We changed time-zones when we came to Amsterdam and I forgot to re-set the clock on my MP3 player, so I woke up at 6:10 this morning instead of my planned 5:10. I also have to remember that Daylight Savings Time is coming up soon too and that will really throw me off! I was a bit rushed when I first got up, but things got better.
We went back to Amsterdam for the morning today. I ended up winding up and down the beautiful yet very confusing streets and canals and, after getting briefly lost, I ended up in the Red Light District again. All the hooligans and workers of the night had gone home, so I took a stroll and examined the mess from the weekend before.
I then found a street of windows where the "women of the night" worked the night before. The women had closed the blinds and turned off their lights and gone home hours ago, so I took the opportunity to take a few pictures.
After I did, however, I took a look down the block to my left and I saw, five windows down, was an escort still working. I wasn't sure if she saw me take pictures or not, and I didn't want to stick around and find out if she had, so I shoved my camera into my jacket pocket and fled down the opposite direction. Thinking back, I don't think she was even looking in my direction.
I purchased a few post-cards and a "Don't Drink and Drive - Smoke and Fly" t-shirt, and found my way to the National Monument (which was a triangle on the ground that I walked over about a thousand times looking for) and the Anne Frank House.
I wasn't allowed to take pictures inside the house (which isn't her actual house, but was built to look just like it -- which was only a few blocks away) to protect the artifacts and pieces of the diary. It was a wonderful museum and I recommend anybody who is a fan of the diary or her less-well-known short-stories to go to the museum. I also bought some post-cards there as well.
Many of my fellow travelers had been feeling last-nights activities and are very tired and quiet today. My roommate, Ralph, didn't get home until about 3:30 AM and I don't recall opening the door and letting him in.
Tonight is our one night that we can catch up with our sleep and go for some wine-tasting. I plan to skip that and instead take pictures of St. Goar and the Rhine River.
Oh, before I forget: Flip told us that Vatican City would be closed the day we get to Rome, so we may have to leave Venice early and try to make it there on time, or go to the Roman Coliseum instead. I really want to go to the Vatican (it's on my bucket-list), but the Coliseum would be cool too.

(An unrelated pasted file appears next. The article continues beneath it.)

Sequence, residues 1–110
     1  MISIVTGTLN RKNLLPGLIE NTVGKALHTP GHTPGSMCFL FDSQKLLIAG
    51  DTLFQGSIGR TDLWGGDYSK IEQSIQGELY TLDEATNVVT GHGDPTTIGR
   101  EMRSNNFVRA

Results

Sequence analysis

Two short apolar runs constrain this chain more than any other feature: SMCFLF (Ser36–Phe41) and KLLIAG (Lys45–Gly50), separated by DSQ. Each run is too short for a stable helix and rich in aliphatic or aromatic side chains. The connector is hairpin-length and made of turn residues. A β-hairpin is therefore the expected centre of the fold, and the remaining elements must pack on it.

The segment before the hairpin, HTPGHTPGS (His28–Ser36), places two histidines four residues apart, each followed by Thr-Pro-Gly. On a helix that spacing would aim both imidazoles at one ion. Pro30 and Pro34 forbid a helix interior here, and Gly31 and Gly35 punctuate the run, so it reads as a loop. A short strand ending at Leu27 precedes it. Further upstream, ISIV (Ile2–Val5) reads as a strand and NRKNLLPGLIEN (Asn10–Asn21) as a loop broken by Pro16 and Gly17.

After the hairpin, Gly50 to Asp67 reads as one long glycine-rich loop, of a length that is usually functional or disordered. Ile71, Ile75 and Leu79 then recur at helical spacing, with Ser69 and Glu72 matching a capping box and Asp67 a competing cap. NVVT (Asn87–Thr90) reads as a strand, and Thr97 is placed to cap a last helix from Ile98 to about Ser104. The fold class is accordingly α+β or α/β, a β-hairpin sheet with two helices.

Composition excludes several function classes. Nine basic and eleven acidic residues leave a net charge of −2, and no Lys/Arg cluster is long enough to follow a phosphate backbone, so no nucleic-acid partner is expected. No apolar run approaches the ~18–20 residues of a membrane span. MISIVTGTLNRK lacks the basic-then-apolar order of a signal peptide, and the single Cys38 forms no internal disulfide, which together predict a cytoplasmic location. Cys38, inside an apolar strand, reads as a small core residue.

With everybody around me sleeping, I'm getting tired myself. I'll write later.
And, as always, a big thank you to my sweetheart Jessica Nuttall for proof reading a countless number of my articles. I couldn't do any of this without you. I love you.
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Last week Ford Canada flew my sister Krystal and I out to Prince Edward Island to take part in their Cross-Canada #FordEcoSport Tour. We were only the fifth of fifteen groups that will take part in the tour, so be sure to follow the hashtag to see what everybody is getting up to as well.
Our section of the tour was probably one of the longest in the program, as we had to drive from Charlottetown, Prince Edward Island to Saint John, New Brunswick, then to Rivière-du-Loup, Quebec and ending in Quebec City. The whole distance is about 1,020 kilometres, which is about 10 hours of driving, assuming we didn't stop to see anything along the way.
Had history been different, this article would probably be written in French. New France, the birth child of French colonialism, once spanned the majority of eastern North America, dipping feet in both Hudson’s Bay and the Gulf of Mexico. It was only after the British captured the city in 1759 and opened the port of the St. Lawrence River did the once promising dynasty of New France cease to exist.
Although New France is long forgotten throughout most of the continent, Quebec City still embraces the same French language, culture and identity as it did nearly four hundred years ago. Visiting this city will bring you back in time to an earlier Canada – one of cobblestone streets, narrow houses, clanging church bells and horse drawn wagons. Quebec City is a unique location unlike anywhere else in Canada, being a slice of Europe seemingly untouched by the modern world. It is for these reasons and more that Expedia.ca asked me to write about this incredible city.
There are many ways to get to Quebec City, such as by plane, train, bus, car, bike or boat.
Most people know how to ride a bicycle. They learned sometime as a child and never forgot. I am not one of those people. I tried learning when I was a child, a teenager and an adult, and I have never mastered the two-wheel contraption. Whenever I see a child zip past me on a bike, I get a little jealous inside. I've always wanted to learn, but it's just something I've never been able to do.
On my recent trip to Cypress Hills Interprovincial Park, Alberta, I explored several of the many biking paths that wind through the area. The paths are also hikable, so I walked them instead. Although I've visited Cypress Hills several times, I never get used to the hills and lakes throughout the area. With dozens of kilometres of trails, you can spend a weekend there and never do the same thing twice. Although hiking around the park was incredible, I imagine it would be a lot more fun, and a lot easier, to bike it instead.